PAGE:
The real thing. If we search our souls we remember what that means. A voice that isn’t auto-tuned. A band that’s not sweetened to the point of blandness, but whose rifle-shot riffs touch you in deep places. Songs with hooks that rock your soul and break your heart. Rugged, ragged, full of spirit and human feeling. Dave Goddess both seeks and finds the real thing in his self-produced new e.p., Last Of The West Side Cowboys. Five songs that will reawaken your love of rock ‘n roll. And remind you why you loved it in the first place.
“I think my band and I have arrived at a place where we really sound like a raw, rough and ready rock ‘n roll band,” says New York native Goddess. “Of course, growing up I had important influences, like The Stones, Tom Petty and Elvis Costello. But I think whatever traces of those guys you heard in my earlier days are gone now. Now we sound like … us.”
It didn’t happen overnight. After soaking in his influences, then came a period of dues paying. Goddess and his kickass band have, for the better part of a decade, been touring and recording. In fact, they’ve been prolific enough to come up with three e.p.’s and one full-length album; the buzz is growing louder. In fact, The Philadelphia Inquirer claimed, “Amid the drive and clarion uplift, Goddess has poured his heart and soul into the best songs of his life, songs that resonate deeply beyond their passion and energy.” The fact that Ed Stasium (The Ramones and Talking Heads) mixed and mastered their first full length disc ( Something New) also helped the band get real cred and expand their audience. As with all true songwriters, Goddess searched both within and without himself in order to pen the songs on his new disc. Over a strident Little Richard piano driven by rough guitars, Goddess spits out the refrain, “Roll over John Lennon and tell Joe Strummer the news.” It’s an angry song about both politics and music and what outspoken guys like John and Joe would make of the current state of affairs. There’s the rough-hewn but delicate “Tears In The Rain.” Goddess sings with guts and soul as he explores the sadness and loneliness of heroin addiction. Then there’s perhaps the strongest song on the EP, “Last Of The West Side Cowboys.” Along with a keening harmonica and a chugging heartland rock groove (this one is radio ready), the tune has a backstory that sparked it.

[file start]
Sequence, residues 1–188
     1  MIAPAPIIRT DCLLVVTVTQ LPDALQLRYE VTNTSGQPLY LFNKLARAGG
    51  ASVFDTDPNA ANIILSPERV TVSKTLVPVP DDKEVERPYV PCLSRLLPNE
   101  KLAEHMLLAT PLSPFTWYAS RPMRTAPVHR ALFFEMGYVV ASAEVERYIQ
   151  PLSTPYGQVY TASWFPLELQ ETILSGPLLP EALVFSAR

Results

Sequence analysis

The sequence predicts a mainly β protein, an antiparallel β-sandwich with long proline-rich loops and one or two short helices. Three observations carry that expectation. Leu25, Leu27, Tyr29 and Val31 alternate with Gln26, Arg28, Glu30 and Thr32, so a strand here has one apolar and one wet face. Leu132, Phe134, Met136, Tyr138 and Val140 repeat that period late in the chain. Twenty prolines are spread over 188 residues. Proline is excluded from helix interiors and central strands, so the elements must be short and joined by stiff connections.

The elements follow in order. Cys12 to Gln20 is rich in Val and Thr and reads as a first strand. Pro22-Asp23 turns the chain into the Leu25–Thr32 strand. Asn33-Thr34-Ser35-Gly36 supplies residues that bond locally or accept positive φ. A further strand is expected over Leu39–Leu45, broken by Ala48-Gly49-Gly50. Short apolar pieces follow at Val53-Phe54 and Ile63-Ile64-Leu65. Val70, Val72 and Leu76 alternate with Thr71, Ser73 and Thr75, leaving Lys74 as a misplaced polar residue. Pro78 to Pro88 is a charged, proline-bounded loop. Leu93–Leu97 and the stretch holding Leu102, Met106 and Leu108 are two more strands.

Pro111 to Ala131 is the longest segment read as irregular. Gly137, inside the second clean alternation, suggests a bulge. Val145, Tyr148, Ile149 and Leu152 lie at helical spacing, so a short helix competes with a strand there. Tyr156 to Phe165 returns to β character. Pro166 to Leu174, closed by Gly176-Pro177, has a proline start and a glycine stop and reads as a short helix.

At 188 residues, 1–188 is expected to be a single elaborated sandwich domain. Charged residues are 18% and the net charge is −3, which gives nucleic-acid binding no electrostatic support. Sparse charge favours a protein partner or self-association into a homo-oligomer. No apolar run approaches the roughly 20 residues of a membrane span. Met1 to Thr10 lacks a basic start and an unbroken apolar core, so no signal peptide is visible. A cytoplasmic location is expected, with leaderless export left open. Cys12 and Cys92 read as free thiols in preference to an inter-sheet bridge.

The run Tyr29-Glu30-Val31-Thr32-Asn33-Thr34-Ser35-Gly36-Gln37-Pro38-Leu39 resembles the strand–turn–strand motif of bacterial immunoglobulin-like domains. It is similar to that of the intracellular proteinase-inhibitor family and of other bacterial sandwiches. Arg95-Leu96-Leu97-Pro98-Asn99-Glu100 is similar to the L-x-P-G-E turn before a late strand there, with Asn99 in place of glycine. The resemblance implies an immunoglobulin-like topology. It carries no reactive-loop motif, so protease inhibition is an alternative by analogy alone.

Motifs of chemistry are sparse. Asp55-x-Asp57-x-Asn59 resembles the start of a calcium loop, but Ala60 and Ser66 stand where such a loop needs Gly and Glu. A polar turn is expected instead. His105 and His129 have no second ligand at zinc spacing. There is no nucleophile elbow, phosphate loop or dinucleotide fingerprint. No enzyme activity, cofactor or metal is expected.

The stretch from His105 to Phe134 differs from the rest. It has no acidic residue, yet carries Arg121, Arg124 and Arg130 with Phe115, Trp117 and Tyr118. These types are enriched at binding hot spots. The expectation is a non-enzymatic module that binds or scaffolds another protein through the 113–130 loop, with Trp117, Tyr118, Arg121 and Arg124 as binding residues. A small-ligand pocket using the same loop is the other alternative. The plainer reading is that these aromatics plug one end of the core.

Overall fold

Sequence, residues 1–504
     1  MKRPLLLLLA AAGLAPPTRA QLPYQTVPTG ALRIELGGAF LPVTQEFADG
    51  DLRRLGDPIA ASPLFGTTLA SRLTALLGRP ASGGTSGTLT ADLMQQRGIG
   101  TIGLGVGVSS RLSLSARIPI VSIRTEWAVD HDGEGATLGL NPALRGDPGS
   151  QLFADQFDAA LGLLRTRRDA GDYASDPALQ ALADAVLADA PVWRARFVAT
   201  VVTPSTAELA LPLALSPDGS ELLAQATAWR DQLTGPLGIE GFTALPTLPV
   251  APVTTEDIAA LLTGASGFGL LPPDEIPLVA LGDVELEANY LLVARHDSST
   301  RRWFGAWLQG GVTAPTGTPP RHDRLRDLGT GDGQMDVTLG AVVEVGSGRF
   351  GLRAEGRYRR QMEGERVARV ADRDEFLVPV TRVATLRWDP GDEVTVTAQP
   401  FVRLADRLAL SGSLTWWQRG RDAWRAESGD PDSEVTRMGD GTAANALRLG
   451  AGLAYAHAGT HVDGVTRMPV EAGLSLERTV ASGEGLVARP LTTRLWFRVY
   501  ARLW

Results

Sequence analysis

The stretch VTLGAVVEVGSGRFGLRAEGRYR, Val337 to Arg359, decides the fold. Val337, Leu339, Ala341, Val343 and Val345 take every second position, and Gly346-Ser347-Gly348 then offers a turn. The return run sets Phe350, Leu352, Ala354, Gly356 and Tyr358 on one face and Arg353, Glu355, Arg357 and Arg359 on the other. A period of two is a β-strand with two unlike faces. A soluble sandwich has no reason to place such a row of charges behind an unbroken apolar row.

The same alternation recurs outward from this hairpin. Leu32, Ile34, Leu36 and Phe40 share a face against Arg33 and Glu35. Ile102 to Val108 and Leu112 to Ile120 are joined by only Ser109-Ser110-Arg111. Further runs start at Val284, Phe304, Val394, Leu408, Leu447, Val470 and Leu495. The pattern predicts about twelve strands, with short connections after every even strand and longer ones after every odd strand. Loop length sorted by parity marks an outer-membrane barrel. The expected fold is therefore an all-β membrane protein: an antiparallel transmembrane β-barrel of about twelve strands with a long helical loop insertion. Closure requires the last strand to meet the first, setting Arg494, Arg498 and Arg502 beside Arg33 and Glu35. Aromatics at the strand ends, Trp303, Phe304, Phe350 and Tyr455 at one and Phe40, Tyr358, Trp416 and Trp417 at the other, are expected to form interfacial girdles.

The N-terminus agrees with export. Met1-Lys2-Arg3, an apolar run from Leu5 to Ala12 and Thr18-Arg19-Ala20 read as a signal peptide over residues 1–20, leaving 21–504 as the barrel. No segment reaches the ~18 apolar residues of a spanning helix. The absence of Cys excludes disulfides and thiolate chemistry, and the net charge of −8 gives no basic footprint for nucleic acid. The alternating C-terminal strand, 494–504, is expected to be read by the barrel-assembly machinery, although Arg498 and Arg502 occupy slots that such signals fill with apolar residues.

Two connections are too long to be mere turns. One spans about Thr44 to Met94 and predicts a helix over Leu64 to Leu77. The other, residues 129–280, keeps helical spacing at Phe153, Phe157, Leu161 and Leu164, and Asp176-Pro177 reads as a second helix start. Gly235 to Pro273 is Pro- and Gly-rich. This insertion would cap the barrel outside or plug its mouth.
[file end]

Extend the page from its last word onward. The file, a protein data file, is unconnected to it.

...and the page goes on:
“From 1846 to 1941,” says Goddess, “an above ground train that use to take freight up and down 10th Avenue in Manhattan. I live on that street today. Anyway, it was very dangerous back then, with the train routinely hitting pedestrians. So New York hired cowboys-real ones- who rode their horses in front of the trains, swinging lanterns, and clearing the tracks. Eventually NYC built what is now The Highline to get the trains off the streets so the West Side Cowboys were out of a job.”
Goddess tells the story of the last rider leading the last train. “In a way, the song is as much about obsolescence, and men losing their jobs because times are changing” he says. “These themes still ring true today.”
Now that the new e.p. is complete, like the title’s cowboys, it’s time for Goddess and his band to hit the trail. He knows it won’t be an easy slog, what with Hip Hop and pop music still clogging the airwaves. But the guy has a big ace up his sleeve. “There’s a reason they call it Classic Rock. It never really goes out of fashion. Young kids are into the Kinks, you know? So, I’m hoping that if we just stay true to ourselves, it’ll hit big with the audience. It’s the only kind of music we really like. And I don’t think we’re alone.”